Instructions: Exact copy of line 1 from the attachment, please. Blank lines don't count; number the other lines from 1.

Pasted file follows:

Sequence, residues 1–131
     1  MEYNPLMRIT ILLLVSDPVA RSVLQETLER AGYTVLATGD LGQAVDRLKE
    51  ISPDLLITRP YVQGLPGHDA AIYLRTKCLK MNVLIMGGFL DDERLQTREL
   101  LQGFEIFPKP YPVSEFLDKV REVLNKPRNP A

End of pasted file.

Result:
Sequence, residues 1–131